SOLID-STATE OF THE ART
When Orange Amplification’s lead amp designer, Ade Emsley, inflicted Tiny Terror onto the world in 2006, he sparked a revolution. The bone-simple controls, portability and the ability to achieve power amp distortion at reasonable volumes sent every known amp manufacturer worldwide into space-race-style frenzy. The lunchbox head phenomenon is perhaps the most important milestone in modern tube guitar amplification, but today we are going to look at the newest breakthrough in solid-state technology. Enter: the Crush Pro CR120H.
Based on the famous Rockerverb series, this op-amp driven behemoth sports two channels of juicy Orange goodness that can take you from beautifully robust, snappy cleans to the depths of doom fuzz destruction. The real shocker here is the touch-sensitive Orange overdrive that you would not expect without some glass under the hood. Apparently, the R&D team at Orange spent as much time as was needed to ensure that players could enjoy the dynamics of digging in for more dirt and riding the volume knob. Rumor has it that there is even some worry within the Orange camp that this beast sounds too good and might compete with its tube-driven cousin. After ripping into the CR120H at gigging volume I can see why.
THE TUBELESS WONDER
I have always embraced solid-state technology for what it was and some of my favorite guitar players and tones have come from tubeless technology. Wilko Johnson’s signature spank-plank-skank that he achieved with the H&H IC100 is the stuff of legends. Andy Gill of Gang of Four exploited the tight and dry tones of the Carlsbro Stingray for his wiry funk-punk freakouts to great effect. Anyone who has seen The Melvins has had their kidneys melted by the glaciers of gain gobbing from Buzz’s Sunn Beta Leads. The good news is that solid-state enthusiasts can achieve all the aforementioned tones with the CR120H, but tube purists will be disarmed by the cleans, dynamic overdrives and harmonically rich distortions available from this tubeless wonder.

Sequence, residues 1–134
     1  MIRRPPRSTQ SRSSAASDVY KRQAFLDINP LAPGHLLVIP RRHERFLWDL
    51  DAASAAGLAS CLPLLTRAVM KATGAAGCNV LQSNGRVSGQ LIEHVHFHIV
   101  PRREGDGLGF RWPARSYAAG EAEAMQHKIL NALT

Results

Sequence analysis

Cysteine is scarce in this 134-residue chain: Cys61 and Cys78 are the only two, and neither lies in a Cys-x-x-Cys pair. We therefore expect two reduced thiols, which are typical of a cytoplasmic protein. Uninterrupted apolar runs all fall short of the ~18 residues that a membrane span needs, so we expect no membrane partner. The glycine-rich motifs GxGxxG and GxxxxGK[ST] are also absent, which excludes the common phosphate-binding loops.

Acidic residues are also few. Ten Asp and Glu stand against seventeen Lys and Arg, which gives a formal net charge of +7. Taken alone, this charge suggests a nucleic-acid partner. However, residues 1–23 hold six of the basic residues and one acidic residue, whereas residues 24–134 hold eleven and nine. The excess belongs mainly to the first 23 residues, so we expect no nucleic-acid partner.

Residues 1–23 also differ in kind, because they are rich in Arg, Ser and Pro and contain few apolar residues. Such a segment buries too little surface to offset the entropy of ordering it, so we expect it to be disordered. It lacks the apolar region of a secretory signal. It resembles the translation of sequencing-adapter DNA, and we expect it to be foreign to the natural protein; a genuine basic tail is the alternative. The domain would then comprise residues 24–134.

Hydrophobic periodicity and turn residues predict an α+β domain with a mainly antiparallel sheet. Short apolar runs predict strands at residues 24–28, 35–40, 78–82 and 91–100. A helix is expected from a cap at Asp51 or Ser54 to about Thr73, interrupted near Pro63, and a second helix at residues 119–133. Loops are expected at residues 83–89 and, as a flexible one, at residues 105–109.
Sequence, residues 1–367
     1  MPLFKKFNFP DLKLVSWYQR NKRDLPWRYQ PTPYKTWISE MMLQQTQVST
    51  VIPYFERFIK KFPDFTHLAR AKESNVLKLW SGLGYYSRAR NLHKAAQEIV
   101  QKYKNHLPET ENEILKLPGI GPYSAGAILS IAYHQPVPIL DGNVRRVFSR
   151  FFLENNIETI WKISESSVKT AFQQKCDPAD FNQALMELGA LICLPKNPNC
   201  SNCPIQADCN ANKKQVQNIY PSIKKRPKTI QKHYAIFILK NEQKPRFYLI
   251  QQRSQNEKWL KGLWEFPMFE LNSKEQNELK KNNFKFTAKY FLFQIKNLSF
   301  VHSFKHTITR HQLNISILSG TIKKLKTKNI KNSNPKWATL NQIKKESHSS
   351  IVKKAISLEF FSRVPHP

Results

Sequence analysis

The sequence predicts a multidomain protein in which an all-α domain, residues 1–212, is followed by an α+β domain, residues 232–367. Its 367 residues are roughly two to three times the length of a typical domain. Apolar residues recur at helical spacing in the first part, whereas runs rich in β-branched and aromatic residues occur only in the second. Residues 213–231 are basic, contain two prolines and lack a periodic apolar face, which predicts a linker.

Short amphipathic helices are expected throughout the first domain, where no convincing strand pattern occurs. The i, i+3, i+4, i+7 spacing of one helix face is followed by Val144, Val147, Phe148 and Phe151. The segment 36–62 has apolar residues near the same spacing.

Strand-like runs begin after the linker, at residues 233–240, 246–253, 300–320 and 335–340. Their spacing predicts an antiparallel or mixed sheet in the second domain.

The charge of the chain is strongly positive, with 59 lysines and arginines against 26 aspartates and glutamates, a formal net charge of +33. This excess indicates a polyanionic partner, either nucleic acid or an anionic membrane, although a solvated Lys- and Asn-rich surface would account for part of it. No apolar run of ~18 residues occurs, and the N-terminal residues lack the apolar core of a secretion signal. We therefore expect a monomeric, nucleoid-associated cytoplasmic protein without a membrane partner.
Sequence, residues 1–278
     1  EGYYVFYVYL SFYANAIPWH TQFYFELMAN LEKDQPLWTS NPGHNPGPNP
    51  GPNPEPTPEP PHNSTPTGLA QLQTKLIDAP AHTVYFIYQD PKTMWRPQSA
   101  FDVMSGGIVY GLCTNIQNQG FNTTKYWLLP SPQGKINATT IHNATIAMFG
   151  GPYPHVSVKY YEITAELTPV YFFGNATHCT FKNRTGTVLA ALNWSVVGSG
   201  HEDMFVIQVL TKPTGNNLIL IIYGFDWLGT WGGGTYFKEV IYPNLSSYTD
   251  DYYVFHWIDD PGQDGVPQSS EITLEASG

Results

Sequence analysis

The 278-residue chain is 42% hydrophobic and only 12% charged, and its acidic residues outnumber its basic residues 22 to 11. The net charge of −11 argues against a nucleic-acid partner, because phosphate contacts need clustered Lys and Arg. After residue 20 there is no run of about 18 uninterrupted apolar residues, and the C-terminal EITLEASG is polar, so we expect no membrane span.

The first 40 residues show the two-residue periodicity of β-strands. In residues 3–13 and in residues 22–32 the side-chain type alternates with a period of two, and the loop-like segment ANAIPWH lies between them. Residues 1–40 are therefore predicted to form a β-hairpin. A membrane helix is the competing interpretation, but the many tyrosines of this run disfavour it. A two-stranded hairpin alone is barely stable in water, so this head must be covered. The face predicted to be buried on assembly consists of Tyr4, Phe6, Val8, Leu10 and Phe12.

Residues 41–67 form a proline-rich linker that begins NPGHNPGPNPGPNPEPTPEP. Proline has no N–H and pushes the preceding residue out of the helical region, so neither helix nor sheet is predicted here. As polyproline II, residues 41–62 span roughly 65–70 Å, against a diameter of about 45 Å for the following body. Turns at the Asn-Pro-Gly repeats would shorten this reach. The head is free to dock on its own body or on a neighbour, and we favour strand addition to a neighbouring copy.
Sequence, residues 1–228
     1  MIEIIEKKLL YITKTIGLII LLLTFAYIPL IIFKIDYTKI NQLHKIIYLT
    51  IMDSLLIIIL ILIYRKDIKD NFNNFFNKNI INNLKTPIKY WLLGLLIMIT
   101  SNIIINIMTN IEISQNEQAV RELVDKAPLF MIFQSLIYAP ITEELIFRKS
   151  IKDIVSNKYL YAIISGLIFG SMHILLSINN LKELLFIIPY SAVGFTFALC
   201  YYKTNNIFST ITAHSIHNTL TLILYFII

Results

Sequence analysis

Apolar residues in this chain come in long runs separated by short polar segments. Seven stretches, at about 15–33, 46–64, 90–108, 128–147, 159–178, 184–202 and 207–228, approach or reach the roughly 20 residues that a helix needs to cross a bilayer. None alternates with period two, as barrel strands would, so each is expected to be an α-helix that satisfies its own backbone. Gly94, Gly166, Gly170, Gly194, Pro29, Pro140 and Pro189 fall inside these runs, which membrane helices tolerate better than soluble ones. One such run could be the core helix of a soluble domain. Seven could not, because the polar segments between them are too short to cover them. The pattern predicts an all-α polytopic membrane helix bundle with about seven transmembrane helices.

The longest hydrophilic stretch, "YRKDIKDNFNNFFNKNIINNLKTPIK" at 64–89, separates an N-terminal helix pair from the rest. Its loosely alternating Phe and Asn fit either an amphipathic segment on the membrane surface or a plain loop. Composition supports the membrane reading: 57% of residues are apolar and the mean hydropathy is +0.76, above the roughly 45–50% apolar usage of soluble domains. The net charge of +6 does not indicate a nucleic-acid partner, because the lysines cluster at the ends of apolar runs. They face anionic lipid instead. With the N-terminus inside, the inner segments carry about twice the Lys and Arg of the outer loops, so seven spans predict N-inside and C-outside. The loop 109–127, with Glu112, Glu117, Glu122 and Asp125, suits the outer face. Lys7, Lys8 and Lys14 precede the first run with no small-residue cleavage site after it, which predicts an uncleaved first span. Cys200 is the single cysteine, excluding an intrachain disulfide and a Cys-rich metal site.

Starting on the clean channel with everything at noon, I was immediately struck by how rich and responsive the tone was. None of that ceramic plate brittleness that you normally associate with a solid-state amps was present here. The second gain stage of the clean channel kicks in around 1 o’clock and gradually adds more hair and bite to the signal. When I maxed out the volume, I got frighteningly close to the beautifully bright bite of my old Hiwatt DR-504 and enjoyed tube-like gritty-clean dynamics conducted by my pick attack. Pedal pushers and Big Muff divers will love jumping off this platform.
Switching over to the four-stage dirty channel opens up a world of overdrives, distortions and fuzzed out ferocity. I tended to stay around noon and ride my guitar’s volume knob for some Precious and Grace-style Billy Gibbons action, but if you want the low end loose juice that can only be squeezed from an Orange, be brave and turn the doom dial past midnight.
What we like: If you are like me and have been waiting for a reliable, robust and versatile analog solid-state amp that can hang with tube amps four times the price, look no further. The hall, plate and spring reverbs are fantastically usable and the effects loop works a treat. The thick chassis, heavy-duty switches and birch ply head cabinet proclaim that this is no beginner’s toy.
Concerns: You will need a beastly high-wattage cab for this head to mount and we would have liked a footswitch included.